December 16, 2010

Your Brain on Religion
Dr. Andrew Newberg has scanned the brains of praying nuns, chanting Sikhs, and meditating Buddhists. He studies the relationship between the brain and religious experience, a field called “neurotheology.” And he’s written a book, Principles of Neurotheology, that tries to lay the groundwork for a new kind of scientific and theological dialogue. (Neal Conan, NPR)

Bioethics Commission’s Synthetic Biology Report
The president’s bioethics commission says there is no need to temporarily halt research or to impose new regulations on the controversial new field known as synthetic biology. In the report, the Presidential Commission for the Study of Bioethical Issues says that at present the technology—which involves creating novel organisms through the synthesis and manipulation of DNA—poses few risks because it is still in its infancy. (Peter Wayner, The New York Times)

How Animals Grieve
Whether animals comfort dying comrades and show signs of grieving for the dead may depend on where they live, as well as on how compassionate they are. (Michael Marshall, New Scientist)

Obama Talks More Personally About His Faith
When President Obama lit the National Christmas Tree behind the White House last year, he spoke of a “child born far from home” and said “while this story may be a Christian one, its lesson is universal.” This year, Obama referenced that same “child born far from home,” but added a more personal twist: “It’s a story that’s dear to Michelle and me as Christians.” Three days later, at a Christmas benefit concert, the president again talked about how the story of Christmas “guides my Christian faith.” What changed? (Adelle Banks, Religion News Service)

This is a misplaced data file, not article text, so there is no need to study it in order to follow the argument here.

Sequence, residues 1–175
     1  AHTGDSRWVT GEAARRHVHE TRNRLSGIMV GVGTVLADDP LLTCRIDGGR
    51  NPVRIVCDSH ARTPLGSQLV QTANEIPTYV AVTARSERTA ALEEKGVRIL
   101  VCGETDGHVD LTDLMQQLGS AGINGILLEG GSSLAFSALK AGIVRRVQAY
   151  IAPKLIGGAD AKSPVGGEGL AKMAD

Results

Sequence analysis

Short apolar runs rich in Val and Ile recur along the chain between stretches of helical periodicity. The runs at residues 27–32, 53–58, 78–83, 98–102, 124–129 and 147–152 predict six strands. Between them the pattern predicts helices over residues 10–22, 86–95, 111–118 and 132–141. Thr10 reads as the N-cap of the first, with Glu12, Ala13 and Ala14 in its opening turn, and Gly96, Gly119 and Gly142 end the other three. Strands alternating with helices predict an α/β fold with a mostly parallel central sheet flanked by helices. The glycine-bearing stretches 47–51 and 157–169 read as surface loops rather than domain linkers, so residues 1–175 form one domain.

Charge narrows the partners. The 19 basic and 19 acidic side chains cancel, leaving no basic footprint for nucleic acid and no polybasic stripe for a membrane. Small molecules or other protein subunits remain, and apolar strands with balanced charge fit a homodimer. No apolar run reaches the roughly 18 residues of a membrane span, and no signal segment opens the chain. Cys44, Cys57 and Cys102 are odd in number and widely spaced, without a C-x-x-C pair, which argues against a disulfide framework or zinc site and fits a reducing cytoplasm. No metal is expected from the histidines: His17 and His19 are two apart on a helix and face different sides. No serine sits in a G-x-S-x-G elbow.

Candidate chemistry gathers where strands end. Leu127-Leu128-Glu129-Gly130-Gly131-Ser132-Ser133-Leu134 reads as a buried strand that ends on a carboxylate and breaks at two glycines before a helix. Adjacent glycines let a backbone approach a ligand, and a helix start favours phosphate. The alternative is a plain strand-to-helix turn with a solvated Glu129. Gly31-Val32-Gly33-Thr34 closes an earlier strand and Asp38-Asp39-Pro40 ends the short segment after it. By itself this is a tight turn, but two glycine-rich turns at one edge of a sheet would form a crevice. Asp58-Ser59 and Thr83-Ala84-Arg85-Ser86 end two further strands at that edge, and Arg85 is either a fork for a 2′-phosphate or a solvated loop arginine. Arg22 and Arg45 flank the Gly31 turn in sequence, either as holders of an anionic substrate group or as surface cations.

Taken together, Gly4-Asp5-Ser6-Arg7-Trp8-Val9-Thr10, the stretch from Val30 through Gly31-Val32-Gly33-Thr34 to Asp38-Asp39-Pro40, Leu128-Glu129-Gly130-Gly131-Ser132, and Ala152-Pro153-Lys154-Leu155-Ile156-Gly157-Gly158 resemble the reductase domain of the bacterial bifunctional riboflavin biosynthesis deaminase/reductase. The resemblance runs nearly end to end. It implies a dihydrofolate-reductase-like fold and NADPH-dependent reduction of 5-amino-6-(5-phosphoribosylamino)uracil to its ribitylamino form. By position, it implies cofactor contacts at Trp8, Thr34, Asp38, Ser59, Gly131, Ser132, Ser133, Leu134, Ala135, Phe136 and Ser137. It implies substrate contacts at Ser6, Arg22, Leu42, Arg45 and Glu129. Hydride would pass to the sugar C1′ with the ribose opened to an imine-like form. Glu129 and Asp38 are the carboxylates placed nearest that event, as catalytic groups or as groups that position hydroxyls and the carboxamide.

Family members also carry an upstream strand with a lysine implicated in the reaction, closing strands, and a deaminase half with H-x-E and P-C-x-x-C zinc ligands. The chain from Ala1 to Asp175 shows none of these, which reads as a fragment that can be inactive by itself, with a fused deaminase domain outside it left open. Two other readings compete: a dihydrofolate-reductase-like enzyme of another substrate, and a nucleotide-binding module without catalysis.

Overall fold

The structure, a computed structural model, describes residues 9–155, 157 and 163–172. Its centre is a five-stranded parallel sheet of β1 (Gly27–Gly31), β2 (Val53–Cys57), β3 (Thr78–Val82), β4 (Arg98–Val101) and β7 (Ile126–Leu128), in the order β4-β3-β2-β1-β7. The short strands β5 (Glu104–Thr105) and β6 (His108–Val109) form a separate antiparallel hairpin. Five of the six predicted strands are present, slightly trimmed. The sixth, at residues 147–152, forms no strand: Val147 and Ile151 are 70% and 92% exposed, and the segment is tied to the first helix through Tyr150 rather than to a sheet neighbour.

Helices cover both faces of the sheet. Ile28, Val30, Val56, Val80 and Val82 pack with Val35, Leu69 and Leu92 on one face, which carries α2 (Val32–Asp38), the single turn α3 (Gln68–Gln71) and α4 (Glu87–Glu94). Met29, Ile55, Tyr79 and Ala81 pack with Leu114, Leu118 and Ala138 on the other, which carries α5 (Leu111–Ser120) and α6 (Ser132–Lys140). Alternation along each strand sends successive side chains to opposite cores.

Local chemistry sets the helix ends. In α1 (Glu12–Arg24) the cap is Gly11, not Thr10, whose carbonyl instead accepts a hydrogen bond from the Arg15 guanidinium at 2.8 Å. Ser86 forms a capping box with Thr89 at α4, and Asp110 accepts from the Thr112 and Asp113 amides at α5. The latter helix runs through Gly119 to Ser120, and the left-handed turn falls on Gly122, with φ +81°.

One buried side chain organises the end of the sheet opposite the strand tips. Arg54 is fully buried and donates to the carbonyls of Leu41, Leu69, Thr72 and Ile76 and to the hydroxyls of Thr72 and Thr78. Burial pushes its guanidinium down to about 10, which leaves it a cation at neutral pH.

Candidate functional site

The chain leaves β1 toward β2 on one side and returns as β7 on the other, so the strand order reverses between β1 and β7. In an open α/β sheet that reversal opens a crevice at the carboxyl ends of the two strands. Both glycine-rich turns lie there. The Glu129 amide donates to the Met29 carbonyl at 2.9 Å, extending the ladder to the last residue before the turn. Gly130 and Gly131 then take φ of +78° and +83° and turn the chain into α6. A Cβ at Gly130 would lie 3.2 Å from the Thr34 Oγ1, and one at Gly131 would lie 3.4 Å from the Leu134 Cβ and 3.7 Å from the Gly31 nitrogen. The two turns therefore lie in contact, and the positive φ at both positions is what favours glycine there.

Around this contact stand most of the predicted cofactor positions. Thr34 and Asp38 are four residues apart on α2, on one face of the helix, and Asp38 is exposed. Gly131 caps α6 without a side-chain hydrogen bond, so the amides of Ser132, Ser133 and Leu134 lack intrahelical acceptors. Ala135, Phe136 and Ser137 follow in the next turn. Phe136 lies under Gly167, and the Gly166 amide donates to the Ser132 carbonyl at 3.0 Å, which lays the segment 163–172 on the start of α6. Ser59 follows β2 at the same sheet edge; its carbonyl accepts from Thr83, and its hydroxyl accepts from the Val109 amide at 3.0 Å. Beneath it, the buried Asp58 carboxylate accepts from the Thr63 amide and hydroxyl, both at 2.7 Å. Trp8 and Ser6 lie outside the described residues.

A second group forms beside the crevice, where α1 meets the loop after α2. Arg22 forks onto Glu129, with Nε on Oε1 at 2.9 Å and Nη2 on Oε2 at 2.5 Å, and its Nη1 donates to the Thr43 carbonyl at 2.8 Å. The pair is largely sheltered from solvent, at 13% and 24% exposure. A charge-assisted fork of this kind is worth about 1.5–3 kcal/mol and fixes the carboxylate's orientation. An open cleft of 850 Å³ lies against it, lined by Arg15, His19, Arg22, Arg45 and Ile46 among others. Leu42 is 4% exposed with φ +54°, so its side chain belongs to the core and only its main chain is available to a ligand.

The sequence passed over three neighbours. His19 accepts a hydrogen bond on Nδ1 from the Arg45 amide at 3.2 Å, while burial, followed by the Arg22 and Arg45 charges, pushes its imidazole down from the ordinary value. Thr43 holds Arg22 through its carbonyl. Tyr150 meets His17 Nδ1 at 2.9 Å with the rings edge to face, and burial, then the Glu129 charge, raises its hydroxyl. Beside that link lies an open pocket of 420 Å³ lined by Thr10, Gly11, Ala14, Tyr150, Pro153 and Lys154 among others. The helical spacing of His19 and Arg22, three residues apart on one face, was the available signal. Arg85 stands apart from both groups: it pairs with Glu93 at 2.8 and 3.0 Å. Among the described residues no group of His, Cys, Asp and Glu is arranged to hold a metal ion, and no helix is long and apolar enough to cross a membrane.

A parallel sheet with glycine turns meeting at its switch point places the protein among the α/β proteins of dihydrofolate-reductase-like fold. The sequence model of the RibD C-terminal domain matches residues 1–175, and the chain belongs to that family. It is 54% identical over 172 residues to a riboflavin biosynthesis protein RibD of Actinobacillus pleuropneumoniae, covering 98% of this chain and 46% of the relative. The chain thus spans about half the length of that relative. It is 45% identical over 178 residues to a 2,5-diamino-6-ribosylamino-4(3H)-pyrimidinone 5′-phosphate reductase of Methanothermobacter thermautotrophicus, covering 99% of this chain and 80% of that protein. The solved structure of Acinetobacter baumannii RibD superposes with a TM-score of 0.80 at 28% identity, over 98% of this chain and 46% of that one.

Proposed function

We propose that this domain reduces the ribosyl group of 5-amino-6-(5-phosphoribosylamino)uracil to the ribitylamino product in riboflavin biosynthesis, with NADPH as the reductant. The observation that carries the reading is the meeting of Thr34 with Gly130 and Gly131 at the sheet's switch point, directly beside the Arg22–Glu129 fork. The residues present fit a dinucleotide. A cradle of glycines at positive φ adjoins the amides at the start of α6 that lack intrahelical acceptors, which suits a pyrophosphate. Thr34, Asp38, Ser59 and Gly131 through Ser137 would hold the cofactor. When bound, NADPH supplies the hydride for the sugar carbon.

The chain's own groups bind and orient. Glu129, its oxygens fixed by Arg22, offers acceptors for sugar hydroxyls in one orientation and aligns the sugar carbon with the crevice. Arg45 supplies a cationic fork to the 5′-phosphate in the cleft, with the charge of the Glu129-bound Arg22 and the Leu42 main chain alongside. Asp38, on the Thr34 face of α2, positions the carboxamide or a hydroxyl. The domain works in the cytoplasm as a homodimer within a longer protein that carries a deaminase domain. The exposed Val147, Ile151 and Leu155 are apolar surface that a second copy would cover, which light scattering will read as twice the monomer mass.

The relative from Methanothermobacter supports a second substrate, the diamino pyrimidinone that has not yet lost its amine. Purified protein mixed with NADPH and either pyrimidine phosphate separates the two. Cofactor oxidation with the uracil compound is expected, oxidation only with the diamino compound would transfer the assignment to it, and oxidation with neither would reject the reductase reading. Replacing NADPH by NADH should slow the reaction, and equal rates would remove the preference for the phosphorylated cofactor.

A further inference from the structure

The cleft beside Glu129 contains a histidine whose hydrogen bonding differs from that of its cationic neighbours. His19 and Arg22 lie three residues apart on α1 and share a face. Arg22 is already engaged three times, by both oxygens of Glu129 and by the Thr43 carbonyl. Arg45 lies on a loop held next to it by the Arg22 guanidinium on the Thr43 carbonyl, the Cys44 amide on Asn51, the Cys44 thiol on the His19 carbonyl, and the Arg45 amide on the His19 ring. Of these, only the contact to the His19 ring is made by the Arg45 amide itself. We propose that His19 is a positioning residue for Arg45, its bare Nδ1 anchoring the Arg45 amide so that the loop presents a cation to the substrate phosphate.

Join the Exoplanet Search
The Planet Hunters project is the latest citizen-science campaign organized by the crew at Zooniverse. Hundreds of thousands of computer users are already helping Zooniverse classify galaxies through Galaxy Zoo, and analyze lunar craters through Moon Zoo. This new project aims to recruit users to check data gathered by NASA’s Kepler mission, which is expected to detect hundreds of Earth-like planets in a region of the constellation Cygnus. (Alan Boyle, Cosmic Log,

Ruling on the Appeal of Hwang Woo-Suk
An appeals court ruled to uphold most of the fraud convictions against the South Korean scientist disgraced in a cloning scandal that shook the international scientific community. (Hyung-jin Kim, Associated Press)

No More Religious Bus Ads in Fort Worth
City buses in Fort Worth next year will not carry religious advertisements after atheist group banners on four vehicles drew criticism. The Fort Worth Transportation Authority voted to no longer accept religious advertisements. Board member Gary Havener says he thinks the ads create divisiveness. (Associated Press)

Category: Field Notes


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